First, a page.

Dog info sites state Bloodhounds have a seemingly boundless energy store, enabling them to go as far as necessary until they catch up to their target. As a dog data site put it: Bloodhounds “are relaxed and affectionate at home but become alert and tireless when on the trail” and will traverse infinitely when “hunting down escaped convicts.” More music to a police handler’s ears…perhaps not his/her legs though.

Given a Bloodhounds ability to forge forward until mission accomplishment, human partners may need the breather first. Deputy Cotto acknowledges this in the sheriff’s office bulletin: “[The] training attended was truly amazing and really demonstrated how the handler is the only true limitation to the Bloodhound’s capabilities.”

Having worked among many cops with different attributes, despite police training being rather universal, each human has his/her own uniqueness and skillsets brought to the team. Mutual respect capitalizes on each teammates’ talents; that is what we see between police handlers/K-9s as well.

Police canines (among every breed) responds to human facial expressions as well as tonal aspects, respecting its handler’s vocal cues and parlaying it into canine capacities. As cited by PuppyFind.com, Bloodhounds tend to be “very sensitive to the tone of voice, so a firm but approving tone is best.”

My department’s canine teams exhibited this with all our police dogs (mostly German Shepherds who were taught German language cues).

Synonymously, a police canine handler’s course of action/success relies upon interpretations of the dog’s body language, its “pull” (direction of travel), and its velocity (getting warmer, closer to the mark). Conversely, Bloodhounds send “negative indicators” by intently sitting next to their handler: “The dogs will then show signs of frustration and eventually sit next to their handlers and make eye contact, letting them know the source of the scent is nowhere nearby.”

What if a suspect’s piece of clothing is not available for the sniff test? In the case of physical abduction attempts, the suspect likely grabs/touches the would-be victim. That victim has on him/her transference of the bad guy’s body chemistry: “This works by the bloodhound being introduced to a piece of clothing or body part of where the victim was touched. The K-9 is then able to utilize the scent and ultimately able to track the suspect, finding their man.”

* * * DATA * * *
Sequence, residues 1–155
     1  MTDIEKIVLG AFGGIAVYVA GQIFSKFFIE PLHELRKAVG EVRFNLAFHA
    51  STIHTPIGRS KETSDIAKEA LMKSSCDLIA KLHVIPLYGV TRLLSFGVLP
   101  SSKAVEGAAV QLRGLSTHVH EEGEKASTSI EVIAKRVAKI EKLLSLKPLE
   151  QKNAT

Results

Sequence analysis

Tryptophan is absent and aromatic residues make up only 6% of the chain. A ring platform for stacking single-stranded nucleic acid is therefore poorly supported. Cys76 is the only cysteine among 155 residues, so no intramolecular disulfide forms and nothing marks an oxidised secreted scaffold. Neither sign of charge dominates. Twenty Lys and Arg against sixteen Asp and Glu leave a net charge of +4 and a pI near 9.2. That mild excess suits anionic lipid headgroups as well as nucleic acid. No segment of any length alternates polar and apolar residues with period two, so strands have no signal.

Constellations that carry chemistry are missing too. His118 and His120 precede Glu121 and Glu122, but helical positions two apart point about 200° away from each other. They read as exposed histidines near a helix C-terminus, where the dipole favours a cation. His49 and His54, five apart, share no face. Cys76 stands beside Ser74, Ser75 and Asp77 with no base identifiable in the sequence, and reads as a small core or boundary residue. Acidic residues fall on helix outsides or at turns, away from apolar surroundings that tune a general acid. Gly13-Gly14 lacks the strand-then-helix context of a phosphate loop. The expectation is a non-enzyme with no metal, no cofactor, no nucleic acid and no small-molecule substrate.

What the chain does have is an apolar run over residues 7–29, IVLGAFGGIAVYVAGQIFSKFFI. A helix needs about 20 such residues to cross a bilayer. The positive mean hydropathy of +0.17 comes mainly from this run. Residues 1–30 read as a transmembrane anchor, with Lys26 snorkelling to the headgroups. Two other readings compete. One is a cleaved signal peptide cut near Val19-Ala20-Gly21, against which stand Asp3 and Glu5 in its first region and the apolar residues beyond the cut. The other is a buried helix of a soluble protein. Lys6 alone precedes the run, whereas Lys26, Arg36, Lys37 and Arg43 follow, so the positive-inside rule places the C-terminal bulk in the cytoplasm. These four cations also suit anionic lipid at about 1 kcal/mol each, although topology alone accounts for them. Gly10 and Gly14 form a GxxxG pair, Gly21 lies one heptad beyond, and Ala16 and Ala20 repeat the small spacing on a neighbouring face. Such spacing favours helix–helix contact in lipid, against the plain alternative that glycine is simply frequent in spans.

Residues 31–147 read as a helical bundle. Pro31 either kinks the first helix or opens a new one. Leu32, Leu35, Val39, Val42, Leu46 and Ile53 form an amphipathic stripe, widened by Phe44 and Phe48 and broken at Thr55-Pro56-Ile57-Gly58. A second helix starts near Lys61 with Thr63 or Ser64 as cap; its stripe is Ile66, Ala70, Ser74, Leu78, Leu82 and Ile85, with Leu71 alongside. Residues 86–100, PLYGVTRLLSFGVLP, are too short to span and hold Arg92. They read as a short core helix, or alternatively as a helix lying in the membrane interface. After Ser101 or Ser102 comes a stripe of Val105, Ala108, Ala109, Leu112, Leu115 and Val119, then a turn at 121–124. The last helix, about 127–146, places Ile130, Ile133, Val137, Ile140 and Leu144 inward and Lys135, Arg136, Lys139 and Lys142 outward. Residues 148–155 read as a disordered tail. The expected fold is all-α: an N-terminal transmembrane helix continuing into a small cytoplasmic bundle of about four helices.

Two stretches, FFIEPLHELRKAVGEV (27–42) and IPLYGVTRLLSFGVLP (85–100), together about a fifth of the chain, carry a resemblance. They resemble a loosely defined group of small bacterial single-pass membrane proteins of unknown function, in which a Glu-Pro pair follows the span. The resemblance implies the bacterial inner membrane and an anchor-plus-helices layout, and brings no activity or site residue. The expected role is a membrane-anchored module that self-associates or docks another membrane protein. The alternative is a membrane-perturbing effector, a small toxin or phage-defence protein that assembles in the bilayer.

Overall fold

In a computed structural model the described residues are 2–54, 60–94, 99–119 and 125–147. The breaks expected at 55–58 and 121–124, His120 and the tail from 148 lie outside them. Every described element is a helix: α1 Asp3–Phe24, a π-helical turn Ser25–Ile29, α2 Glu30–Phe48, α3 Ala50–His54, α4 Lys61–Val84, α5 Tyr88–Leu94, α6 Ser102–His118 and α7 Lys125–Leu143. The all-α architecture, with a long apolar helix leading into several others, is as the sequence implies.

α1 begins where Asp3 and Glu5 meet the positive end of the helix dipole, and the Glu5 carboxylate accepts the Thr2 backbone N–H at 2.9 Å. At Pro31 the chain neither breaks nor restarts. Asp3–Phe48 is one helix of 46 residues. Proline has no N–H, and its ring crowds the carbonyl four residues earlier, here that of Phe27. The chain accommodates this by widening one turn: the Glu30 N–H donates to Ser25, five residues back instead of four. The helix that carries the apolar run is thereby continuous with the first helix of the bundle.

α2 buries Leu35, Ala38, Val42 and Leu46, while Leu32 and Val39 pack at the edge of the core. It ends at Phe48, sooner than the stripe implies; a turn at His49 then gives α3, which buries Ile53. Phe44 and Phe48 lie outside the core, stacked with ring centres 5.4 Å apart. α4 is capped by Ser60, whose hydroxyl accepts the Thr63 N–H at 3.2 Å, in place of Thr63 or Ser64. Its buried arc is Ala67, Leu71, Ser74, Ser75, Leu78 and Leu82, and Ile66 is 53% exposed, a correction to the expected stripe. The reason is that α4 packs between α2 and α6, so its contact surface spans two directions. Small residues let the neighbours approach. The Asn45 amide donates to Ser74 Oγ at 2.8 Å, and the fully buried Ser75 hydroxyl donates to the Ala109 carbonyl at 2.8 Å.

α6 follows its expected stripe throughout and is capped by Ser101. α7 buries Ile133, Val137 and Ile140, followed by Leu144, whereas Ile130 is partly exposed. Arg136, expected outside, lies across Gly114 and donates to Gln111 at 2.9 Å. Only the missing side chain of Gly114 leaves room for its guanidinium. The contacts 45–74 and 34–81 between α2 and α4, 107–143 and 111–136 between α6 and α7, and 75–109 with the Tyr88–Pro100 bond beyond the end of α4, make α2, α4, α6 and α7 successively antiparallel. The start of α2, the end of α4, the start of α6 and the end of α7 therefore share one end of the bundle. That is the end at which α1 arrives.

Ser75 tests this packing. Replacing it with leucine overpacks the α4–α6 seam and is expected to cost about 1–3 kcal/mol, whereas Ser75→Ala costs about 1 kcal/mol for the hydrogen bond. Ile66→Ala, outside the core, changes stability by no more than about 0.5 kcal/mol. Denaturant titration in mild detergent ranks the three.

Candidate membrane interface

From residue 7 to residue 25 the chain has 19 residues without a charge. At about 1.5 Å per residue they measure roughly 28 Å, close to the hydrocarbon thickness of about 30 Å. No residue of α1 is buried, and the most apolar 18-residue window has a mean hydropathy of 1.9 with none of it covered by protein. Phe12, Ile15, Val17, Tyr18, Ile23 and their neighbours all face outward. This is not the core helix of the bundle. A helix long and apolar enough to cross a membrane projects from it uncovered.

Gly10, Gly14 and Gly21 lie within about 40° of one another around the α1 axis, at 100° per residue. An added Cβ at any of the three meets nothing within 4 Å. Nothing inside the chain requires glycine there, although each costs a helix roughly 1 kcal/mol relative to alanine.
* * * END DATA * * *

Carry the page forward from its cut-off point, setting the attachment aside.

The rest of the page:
Are Bloodhounds any good with “process of elimination” methods? Indeed, they are. The Hardee County sheriff’s deputies explained the “Missing Man” scenario: “For this exercise, every person in the class, including instructors (totaling over 30 people), all huddled into one small room. Each handler was then instructed to bring their bloodhound into the room and smell everyone inside. One individual will then leave the room on foot and hide anywhere up to 500 yards away. The bloodhound is then brought back into the room and able to distinguish which scent is missing. When Harley was harnessed and given the command to find her man, she immediately indicated to the exit door, letting Deputy Cotto know to leave the room. Harley then sprinted across a large hill and ran into an open field near a pond, where she located the missing man. The purpose of this scenario was to demonstrate that the bloodhound’s intelligence and sense of smell is almost limitless. Harley was able to locate someone without a scent article just by eliminating the other smells that were in the room.” Voila!

According to HillsPet.com, “[Bloodhounds’] abilities are so highly regarded that trails performed by proven trailing Bloodhounds [in-service training mentioned above, coupled with catches during street duty] are admissible as evidence in court.” More music to a canine handler’s ears…as well as to the delight of prosecutors.

Ironically, on the heels of the Bloodhound Scent Tracking training, Deputy Cotto and K-9 Harley got to exemplify their skills in real life. On September 28, the canine/handler duo tracked, sniffed out, and nabbed a fugitive who had an active felony warrant with his name on it. After fleeing patrol units, the bad guy concealed himself in the undercarriage of a truck, and Harley the Bloodhound’s nose was much like a compass arrow directing law enforcement precisely to where the chemical composition was tucked away, hiding from deputies. Next!

Pretty cool police partnerships producing unimaginable success stories, eh?